If I knew what would happen, I wouldn’t bother trying.
|The float, by Carol L. Douglas. Same subject as yesterday.|
Today is my 38th wedding anniversary; Wednesday was my granddaughter’s third birthday. I knew I’d miss these milestone events when I signed up for this residency, but had convinced myself that in the world of Skype and Snapchat, physical presence didn’t matter. It does.
I’m reminded that my grandmother came to this country expecting to never see her homeland or family again. Despite our national myths of intrepid independence, we are a nation built on homesickness.
|Even the umbrella can't save this painting from the rain.|
My intention in this residency is two-fold: to explore the intersection of water, land and mankind, and to do some really big plein air landscapes in oils and watercolor. In the world of art, oil and water definitely do not mix; together they can create an archival disaster. So, being a concrete thinker, I plan to alternate them. Wednesday was an oil-painting day, Thursday was a watercolor day.
Rachel Alexandrou, the gardener-in-residence here, told me it would rain at 12:30. She was accurate to the minute. I hunkered down in my car, my salad on my lap, and watched the storm cross Damariscotta Lake. Excess humidity of any kind is tough on conventional watercolor paper. It turns out that it’s not good for Yupo, either.
|A droopy, dreary day from within my car.|
Yupo is a synthetic plastic substrate: cool, slick and contemporary. It’s the antithesis of organic. I like the way it takes watercolor, and its luminosity. However, it can be a jerk on a wet day. Water pools on the surface, and the paint is much more inclined to granulate than it does on paper.
Combined with intermittent rain, this made for nasty clumps of dark particles floating on the surface. The culprit appears to be what I thought was quinacridone violet. That’s not possible; that color isn’t granular at all. I have an imposter on my palette. I wonder what it is.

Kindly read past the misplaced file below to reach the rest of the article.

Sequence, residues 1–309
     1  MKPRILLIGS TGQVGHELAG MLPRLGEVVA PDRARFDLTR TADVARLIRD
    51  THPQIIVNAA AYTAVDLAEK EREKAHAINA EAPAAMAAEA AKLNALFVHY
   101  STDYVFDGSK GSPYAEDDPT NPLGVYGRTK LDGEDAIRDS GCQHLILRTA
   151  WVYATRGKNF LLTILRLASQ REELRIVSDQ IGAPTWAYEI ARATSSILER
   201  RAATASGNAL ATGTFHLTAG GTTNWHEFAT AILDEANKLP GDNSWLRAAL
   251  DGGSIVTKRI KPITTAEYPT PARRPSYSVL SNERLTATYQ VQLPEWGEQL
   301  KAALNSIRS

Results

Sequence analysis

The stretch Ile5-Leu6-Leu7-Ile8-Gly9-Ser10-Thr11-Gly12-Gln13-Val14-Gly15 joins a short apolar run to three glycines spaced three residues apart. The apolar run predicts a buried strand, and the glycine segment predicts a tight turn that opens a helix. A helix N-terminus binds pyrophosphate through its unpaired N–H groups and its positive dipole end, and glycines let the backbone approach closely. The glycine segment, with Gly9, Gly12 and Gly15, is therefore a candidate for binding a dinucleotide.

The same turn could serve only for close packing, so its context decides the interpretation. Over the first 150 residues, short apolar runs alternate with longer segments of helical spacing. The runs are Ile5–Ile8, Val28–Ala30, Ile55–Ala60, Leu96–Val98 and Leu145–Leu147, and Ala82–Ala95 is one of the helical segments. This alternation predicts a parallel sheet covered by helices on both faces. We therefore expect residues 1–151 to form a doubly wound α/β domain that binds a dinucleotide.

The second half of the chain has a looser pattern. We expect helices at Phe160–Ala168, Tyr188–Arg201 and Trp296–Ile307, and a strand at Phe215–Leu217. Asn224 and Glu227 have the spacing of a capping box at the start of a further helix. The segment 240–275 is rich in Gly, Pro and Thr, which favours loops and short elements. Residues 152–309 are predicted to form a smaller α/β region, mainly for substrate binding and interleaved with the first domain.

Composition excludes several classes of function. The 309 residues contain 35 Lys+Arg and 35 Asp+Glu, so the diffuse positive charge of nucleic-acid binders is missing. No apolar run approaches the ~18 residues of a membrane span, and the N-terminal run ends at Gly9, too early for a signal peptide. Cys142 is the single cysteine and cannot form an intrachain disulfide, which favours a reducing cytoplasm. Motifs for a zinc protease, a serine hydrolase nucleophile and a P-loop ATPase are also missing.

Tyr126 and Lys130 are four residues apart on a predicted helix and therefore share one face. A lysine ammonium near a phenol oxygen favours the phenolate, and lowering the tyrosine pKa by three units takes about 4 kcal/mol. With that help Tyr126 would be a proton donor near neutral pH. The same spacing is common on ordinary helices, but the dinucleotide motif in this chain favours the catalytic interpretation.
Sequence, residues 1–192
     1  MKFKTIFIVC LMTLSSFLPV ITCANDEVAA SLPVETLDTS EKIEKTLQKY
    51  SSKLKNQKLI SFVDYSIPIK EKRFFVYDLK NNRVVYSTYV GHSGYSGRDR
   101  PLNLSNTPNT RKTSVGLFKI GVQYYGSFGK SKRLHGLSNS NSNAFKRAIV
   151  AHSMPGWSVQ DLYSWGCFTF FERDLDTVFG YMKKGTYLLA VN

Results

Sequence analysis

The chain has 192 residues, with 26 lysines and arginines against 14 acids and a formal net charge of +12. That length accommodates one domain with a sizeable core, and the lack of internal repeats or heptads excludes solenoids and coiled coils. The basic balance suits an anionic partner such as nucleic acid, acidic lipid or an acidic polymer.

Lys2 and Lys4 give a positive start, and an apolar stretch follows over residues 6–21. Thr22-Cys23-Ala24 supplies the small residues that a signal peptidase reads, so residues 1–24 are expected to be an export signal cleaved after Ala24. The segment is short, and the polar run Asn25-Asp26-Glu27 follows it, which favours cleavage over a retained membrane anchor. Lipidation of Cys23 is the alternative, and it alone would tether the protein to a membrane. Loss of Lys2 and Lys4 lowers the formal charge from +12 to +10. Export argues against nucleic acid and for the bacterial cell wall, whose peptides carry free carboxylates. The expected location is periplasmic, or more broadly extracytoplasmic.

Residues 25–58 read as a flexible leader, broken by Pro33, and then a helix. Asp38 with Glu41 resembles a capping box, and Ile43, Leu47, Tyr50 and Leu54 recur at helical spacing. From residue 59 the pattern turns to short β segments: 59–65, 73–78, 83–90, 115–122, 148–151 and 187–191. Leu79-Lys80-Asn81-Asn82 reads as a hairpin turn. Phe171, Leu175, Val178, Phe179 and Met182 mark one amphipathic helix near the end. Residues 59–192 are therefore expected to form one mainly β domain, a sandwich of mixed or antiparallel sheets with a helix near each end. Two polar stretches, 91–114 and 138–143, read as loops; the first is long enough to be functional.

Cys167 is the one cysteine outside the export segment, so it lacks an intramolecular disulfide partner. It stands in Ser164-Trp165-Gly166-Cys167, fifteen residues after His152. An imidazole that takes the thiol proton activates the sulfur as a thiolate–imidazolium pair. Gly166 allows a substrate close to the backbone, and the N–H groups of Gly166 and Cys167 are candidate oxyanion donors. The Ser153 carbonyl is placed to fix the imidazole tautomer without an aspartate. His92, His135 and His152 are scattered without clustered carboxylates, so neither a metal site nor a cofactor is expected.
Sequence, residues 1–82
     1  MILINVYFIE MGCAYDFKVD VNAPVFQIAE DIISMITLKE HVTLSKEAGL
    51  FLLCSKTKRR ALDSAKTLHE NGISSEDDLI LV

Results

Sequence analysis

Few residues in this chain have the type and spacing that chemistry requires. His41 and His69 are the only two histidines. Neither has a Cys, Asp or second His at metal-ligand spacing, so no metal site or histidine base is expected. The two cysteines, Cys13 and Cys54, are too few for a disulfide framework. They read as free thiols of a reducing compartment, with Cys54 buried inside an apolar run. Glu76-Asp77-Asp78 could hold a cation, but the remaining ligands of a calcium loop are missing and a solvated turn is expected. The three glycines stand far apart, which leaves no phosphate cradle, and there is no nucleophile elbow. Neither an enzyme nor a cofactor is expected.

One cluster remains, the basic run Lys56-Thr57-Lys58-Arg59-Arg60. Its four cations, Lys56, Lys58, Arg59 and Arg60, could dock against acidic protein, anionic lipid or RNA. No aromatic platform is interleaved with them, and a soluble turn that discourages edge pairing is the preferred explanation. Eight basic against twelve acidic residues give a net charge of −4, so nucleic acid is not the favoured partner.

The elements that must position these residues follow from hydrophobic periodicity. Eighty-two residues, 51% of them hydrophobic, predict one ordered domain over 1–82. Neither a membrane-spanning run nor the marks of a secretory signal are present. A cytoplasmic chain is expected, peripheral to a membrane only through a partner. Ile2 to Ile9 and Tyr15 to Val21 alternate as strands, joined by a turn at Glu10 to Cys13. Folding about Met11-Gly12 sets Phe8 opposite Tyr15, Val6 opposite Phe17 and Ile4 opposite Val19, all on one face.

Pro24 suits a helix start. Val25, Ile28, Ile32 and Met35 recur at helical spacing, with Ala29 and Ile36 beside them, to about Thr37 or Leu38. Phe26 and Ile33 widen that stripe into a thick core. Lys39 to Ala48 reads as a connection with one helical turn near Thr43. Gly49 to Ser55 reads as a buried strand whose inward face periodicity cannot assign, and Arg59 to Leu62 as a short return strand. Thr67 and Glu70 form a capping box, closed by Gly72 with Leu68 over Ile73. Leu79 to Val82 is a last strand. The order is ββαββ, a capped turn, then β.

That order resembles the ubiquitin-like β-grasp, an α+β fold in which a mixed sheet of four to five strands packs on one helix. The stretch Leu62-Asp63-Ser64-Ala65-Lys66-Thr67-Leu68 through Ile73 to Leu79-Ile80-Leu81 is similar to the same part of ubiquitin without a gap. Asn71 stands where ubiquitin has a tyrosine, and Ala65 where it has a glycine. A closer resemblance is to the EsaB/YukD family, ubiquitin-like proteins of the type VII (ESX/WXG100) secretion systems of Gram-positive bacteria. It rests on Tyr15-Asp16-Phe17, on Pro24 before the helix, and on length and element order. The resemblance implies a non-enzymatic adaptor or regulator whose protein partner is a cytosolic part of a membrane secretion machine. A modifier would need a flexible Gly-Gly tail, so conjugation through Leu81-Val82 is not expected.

|I switched to a quinacridone gold by QoR; it is clearer and brighter than whatever was on my palette.|
I expected technical problems this first day, and I got them. My full-sheet drawing board, improvised from a folding presentation board, is too large for my swivel head easel. I don’t have my large brushes; they’re still in England.
There is a subtle change that happens when you finally relax and paint. You stop fussing at your materials and start translating what you see. I did eventually get there, or almost there. I hashed out a painting that’s mediocre in its drawing, rather muddy in its color, but interesting in its scribing. The beauty of Yupo is that it makes watercolor behave like no other paint.
What’s the end goal of this see-saw rotation of materials? If I knew what would happen, I wouldn’t bother trying. In this sense, experimentation with artist’s materials is vastly unscientific. We simply mix things up and watch. One in a hundred times it works, and when that happens, it's magical.